To determine the roles of EphB2 and ephrin-B2 in the development of the VCN-MNTB pathway, we first surveyed the expression of these proteins in wild type brainstems at ages P0–P21. Immunohistochemical labeling over this range of ages revealed complementary expression patterns. At P0, EphB2 was lightly expressed in VCN and VCN axons (Fig. 1A–B). Ephrin-B2 expression was not seen in VCN and MNTB at P0 (Fig. 1C–D). At P4 EphB2 expression increased in VCN neurons (Fig. 1E) and VCN axons (Fig. 1F). Ephrin-B2 expression was observed in VCN and MNTB cell bodies at this age (Fig. 1G–H). At P12, EphB2 and ephrin-B2 expression in VCN remained heavy (Fig. 1I and 1K, respectively), while EphB2 VCN axon staining substantially diminished (Fig. 1J). Expression of ephrin-B2 in MNTB was still apparent at P12 (Fig. IL). At P21, expression of EphB2 and ephrin-B2 in VCN and MNTB was undetectable (Fig 1M–P). Together, these results indicate that EphB2 is expressed in VCN axons and ephrin-B2 is expressed in MNTB neurons in the VCN-MNTB pathway at early postnatal ages, with a peak in expression at about P12 and a decline thereafter.
These expression studies showed that ephrin-B2, but not EphB2, is expressed in MNTB during development. Because Eph proteins in many cases have graded expression that facilitates the formation of topographic projections (McLaughlin and O’Leary, 2005; Flanagan, 2006), we examined the expression of ephrin-B2 along the tonotopic (mediolateral) axis of MNTB. OD measurements were made in ephrin-B2 immunolabeled MNTB from P4 and P12 wild type mice. These measurements were made from sequential binned regions across the mediolateral extent of MNTB at both ages. Linear regression analysis showed that optical density did not vary with mediolateral position in MNTB at P4 (r2 = 0.019, p > 0.5; n = 3 animals) or at P12 (r2 = 0.015, p > 0.5; n = 4; Supplemental Figure 1).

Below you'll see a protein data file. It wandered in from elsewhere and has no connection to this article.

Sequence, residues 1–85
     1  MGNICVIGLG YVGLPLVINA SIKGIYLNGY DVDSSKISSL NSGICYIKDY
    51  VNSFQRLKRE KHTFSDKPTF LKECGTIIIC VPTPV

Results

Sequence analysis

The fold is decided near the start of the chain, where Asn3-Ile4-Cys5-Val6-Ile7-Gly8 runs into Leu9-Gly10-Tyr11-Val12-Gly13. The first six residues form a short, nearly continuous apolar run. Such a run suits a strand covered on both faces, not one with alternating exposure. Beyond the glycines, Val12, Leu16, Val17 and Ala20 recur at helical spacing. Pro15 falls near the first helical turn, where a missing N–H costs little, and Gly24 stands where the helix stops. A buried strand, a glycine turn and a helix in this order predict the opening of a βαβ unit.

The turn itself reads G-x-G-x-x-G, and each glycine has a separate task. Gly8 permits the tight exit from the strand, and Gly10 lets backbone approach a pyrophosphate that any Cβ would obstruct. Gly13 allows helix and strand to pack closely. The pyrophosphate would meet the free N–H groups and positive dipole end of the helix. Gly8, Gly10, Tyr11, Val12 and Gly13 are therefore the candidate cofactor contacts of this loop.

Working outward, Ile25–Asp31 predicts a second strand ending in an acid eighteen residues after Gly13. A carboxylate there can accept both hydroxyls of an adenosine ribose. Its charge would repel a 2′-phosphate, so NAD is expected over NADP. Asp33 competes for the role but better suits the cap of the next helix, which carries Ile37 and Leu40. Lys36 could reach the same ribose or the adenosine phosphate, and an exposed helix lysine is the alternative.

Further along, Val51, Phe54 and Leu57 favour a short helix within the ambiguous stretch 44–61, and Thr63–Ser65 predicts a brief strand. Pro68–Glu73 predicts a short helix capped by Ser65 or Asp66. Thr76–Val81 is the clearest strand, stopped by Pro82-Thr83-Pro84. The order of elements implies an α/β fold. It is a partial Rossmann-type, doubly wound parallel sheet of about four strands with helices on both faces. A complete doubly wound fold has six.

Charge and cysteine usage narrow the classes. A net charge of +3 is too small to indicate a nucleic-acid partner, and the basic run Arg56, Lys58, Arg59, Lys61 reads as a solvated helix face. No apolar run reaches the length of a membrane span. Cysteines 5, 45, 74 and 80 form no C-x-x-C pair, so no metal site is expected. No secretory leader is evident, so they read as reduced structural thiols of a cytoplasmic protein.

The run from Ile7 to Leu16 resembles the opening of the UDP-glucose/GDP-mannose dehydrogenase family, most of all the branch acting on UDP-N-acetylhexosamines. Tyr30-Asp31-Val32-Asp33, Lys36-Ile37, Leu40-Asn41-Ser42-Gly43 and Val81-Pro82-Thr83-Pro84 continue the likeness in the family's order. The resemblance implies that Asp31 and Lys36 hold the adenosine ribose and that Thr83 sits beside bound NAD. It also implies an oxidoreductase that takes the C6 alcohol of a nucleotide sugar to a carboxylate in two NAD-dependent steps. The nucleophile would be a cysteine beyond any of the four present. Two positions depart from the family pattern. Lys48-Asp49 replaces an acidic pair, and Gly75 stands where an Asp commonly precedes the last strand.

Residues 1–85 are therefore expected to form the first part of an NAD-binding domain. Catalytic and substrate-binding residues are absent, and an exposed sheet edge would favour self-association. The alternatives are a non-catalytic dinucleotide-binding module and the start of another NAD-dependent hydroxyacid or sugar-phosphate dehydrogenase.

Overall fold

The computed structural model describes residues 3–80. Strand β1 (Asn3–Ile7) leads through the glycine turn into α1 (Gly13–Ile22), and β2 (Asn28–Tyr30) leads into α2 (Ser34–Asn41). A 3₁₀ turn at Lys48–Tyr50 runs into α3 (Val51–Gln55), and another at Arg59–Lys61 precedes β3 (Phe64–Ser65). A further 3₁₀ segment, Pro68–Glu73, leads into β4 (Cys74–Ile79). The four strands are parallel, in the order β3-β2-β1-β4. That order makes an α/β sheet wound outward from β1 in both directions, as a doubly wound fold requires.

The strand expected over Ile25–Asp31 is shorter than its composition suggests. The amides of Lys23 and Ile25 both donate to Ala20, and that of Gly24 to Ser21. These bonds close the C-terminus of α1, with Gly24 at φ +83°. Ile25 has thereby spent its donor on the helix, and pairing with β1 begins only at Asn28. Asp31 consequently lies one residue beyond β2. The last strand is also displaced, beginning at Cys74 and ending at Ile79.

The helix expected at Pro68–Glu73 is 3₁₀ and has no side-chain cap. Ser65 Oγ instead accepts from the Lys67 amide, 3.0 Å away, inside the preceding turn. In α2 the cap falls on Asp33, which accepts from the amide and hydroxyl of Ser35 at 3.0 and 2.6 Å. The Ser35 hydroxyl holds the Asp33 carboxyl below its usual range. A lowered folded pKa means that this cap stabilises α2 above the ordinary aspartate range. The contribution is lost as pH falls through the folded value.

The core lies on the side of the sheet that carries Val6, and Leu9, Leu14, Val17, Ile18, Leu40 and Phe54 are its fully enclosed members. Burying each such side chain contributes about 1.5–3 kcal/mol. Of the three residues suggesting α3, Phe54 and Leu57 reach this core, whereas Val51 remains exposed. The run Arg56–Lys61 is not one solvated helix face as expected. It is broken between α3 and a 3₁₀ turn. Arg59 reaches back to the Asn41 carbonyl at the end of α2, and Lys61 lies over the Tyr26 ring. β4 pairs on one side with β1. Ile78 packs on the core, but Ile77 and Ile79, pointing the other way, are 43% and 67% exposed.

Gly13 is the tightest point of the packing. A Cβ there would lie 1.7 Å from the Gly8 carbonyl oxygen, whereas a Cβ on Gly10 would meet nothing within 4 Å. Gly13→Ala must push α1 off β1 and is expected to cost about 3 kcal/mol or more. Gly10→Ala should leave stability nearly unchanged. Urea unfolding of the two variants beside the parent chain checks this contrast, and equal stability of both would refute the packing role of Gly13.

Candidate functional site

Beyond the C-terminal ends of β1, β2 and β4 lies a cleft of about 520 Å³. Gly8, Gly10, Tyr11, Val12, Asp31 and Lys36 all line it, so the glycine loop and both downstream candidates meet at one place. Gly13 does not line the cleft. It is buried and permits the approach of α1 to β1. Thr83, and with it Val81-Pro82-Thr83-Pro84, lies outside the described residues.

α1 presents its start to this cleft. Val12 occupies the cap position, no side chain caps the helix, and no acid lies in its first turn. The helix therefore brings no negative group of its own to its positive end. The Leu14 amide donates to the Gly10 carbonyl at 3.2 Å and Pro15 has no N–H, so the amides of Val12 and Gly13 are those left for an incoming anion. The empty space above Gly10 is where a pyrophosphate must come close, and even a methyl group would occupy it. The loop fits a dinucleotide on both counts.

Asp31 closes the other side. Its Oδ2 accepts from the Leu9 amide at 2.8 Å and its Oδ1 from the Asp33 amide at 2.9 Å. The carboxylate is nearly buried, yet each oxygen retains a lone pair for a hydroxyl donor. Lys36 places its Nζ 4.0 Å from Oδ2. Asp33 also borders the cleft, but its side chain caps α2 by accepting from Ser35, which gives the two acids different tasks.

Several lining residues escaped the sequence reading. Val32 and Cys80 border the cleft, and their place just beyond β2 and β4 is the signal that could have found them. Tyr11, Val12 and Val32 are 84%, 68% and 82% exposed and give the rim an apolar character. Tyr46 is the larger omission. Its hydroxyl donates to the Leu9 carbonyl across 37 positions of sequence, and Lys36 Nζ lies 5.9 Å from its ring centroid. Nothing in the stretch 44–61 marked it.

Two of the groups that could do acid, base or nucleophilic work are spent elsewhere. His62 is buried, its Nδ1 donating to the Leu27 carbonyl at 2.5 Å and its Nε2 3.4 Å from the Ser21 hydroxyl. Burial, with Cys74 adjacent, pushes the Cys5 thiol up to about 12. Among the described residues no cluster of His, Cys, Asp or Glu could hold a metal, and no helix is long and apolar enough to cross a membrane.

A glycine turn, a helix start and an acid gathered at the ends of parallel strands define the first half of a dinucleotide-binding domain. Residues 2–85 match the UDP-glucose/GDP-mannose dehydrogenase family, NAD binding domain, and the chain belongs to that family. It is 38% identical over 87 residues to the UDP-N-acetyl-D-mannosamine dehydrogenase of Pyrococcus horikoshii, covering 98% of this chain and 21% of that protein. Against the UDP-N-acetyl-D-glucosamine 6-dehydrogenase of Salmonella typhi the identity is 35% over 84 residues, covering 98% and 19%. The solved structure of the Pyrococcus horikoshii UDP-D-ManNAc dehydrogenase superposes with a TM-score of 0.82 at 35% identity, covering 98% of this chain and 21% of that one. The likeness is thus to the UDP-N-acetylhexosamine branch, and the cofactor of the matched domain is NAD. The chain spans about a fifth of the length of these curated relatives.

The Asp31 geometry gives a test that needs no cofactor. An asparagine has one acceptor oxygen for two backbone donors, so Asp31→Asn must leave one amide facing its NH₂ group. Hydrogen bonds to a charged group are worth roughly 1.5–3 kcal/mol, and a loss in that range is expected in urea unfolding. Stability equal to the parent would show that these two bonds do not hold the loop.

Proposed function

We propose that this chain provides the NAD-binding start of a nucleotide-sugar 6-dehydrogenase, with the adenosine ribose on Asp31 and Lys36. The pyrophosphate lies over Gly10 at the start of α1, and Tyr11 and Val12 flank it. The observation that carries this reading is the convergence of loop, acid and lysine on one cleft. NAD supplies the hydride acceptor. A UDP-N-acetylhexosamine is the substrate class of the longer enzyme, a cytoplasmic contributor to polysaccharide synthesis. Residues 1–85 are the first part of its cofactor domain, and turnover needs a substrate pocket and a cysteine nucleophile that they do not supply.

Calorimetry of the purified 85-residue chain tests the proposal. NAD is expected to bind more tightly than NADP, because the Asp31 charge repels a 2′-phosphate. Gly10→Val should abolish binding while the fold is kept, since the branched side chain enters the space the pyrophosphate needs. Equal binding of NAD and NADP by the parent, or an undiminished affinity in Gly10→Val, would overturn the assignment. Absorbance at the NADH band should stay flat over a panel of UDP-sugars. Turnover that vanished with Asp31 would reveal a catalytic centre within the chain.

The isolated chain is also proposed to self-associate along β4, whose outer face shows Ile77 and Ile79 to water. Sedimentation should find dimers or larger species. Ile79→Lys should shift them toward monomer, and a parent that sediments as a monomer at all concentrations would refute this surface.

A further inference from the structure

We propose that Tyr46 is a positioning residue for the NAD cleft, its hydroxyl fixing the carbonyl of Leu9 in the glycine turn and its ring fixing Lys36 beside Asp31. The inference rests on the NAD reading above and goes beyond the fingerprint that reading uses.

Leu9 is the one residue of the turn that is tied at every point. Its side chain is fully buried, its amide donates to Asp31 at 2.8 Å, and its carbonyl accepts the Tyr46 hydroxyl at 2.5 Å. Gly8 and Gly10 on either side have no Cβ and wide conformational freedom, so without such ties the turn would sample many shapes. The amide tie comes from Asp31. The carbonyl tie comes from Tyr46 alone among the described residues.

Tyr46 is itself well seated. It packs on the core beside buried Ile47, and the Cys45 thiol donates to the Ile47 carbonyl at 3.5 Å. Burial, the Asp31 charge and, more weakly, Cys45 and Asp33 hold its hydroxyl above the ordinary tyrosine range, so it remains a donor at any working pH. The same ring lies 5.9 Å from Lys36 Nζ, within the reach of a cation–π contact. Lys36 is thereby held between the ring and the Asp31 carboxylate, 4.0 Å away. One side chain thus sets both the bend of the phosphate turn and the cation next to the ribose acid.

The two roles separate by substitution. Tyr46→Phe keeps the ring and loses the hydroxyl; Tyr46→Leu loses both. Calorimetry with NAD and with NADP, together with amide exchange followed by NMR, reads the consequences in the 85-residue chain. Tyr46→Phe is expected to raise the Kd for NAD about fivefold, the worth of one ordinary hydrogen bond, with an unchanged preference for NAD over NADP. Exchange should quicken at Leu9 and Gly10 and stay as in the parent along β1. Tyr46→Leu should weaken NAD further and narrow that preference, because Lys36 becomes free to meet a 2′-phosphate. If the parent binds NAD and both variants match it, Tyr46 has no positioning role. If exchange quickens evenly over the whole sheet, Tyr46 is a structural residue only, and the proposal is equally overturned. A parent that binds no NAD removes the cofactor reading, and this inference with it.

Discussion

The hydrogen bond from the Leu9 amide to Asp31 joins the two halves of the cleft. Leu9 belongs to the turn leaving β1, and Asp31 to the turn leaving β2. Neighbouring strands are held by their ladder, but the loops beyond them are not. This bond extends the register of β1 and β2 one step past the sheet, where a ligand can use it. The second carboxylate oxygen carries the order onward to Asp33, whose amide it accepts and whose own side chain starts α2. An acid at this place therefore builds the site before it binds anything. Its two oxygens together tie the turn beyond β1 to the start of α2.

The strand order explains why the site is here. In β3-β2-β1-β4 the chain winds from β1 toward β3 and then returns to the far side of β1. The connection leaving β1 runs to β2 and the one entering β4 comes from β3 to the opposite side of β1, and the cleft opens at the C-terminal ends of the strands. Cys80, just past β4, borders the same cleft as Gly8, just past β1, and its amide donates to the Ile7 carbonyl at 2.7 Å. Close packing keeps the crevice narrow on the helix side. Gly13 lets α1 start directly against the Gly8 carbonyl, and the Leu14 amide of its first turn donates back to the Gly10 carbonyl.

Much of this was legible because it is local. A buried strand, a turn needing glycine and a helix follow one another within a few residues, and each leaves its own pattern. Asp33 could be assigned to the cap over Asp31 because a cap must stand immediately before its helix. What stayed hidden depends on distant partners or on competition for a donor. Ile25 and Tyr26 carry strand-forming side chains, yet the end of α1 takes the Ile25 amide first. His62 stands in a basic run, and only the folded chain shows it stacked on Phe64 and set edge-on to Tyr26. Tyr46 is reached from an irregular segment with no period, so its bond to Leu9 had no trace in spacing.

To determine the roles of EphB2, EphB3 and ephrin-B2 in the development of strictly contralateral brainstem projections, we examined brainstem projections at P10–14, just prior to a time when sound evoked responses have adult-like properties (Sonntag et al., 2009) and the VCN-MNTB projection is nearly mature (Kandler and Friauf, 1993; Kil et al., 1995; Ford et al., 2009). We unilaterally labeled VCN in mice from the EphB2null;EphB3null, EphB2lacZ;EphB3null and ephrin-B2lacZ mouse lines using NeuroVue Red dye placement in fixed tissue and then evaluated labeled terminations in MNTBc and MNTBi (see schematic diagram in Figure 2). We counted labeled calyces in MNTBi and MNTBc and obtained an I/C ratio (see Materials and Methods) that normalizes for inter-animal variations in the amount of dye delivered to VCN, and thus allows for comparisons between animal groups.